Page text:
Since the Berber language of Amazigh became an official language of Morocco three years ago, an unexpected question has come up: does the Moroccan parliament need an on-site translator?
Recently, one MP asked that sessions of parliament be translated into Amazigh, echoing calls made since the constitution was revised in 2011. When some MPs began to use Amazigh in the parliamentary chamber, colleagues complained the language should be barred because they didn’t understand it.
Moroccans and other North Africans often weave together multiple languages in a single conversation, switching effortlessly among formal and colloquial Arabic, French, Spanish, and dialects of Berber—there are at least three major ones in Morocco alone—depending on their origin. Around a third of Moroccans speak a Berber dialect as a first language. This dynamic isn’t unique to Morocco. Large communities of Berber speakers are also in Algeria, Iraq has a large Kurdish-speaking population, Iran has Kurds and Azeris, and Israel has more than a million Arab citizens. Smaller linguistic minorities are scattered throughout the region.
Above the fray of local languages, English is infiltrating the market. English has been the language of engineering, medicine, and pharmacy for many Arab countries for decades, and it is penetrating North Africa as never before. Interest in English is tied to aspirations for greater economic opportunity and global connectivity. While learning English might make it easier for Moroccans to speak to the world, it won’t help them overcome the challenge of speaking to one another.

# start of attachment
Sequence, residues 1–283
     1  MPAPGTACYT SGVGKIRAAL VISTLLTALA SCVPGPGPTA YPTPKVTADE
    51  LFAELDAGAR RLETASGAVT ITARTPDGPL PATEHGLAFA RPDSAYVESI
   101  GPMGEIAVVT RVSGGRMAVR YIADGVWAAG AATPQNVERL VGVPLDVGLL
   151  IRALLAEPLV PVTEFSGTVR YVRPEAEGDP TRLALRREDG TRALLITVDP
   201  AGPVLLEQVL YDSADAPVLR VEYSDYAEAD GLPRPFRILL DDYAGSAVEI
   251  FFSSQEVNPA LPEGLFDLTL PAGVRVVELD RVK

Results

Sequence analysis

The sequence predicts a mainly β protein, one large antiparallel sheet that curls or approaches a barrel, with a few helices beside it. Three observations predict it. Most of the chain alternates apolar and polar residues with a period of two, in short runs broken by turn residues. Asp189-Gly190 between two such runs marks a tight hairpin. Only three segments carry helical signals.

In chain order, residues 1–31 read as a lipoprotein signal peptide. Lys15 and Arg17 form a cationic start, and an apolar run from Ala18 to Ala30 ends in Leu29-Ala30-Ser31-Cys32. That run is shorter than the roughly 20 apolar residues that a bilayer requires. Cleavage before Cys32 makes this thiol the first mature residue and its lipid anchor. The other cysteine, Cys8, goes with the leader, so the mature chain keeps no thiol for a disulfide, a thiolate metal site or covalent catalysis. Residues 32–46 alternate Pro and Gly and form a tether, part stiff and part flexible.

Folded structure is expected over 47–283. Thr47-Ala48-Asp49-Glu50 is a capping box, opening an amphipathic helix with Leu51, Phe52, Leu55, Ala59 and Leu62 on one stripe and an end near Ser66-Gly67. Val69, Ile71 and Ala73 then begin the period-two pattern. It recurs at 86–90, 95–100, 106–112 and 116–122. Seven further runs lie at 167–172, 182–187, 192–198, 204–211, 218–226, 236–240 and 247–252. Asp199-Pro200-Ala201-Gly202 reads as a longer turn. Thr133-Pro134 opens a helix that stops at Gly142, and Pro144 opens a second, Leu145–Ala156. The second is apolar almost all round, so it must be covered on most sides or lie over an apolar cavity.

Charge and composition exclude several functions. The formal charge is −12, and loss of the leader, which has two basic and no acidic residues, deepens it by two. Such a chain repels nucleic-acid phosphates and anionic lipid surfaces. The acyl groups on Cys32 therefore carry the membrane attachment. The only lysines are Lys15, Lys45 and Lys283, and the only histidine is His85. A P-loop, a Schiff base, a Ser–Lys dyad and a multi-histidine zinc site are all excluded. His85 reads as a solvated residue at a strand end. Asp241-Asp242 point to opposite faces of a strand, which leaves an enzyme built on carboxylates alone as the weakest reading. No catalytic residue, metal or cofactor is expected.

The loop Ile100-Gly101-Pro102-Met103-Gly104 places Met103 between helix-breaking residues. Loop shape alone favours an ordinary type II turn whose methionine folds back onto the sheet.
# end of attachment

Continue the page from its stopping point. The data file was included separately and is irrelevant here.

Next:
This piece is a part of Mezze, a monthly short article series spotlighting societal trends across the region. It originally appeared in the Middle East Program's monthly newsletter, Middle East Notes and Comment. For more information and to receive our mailings, please contact the Middle East Program.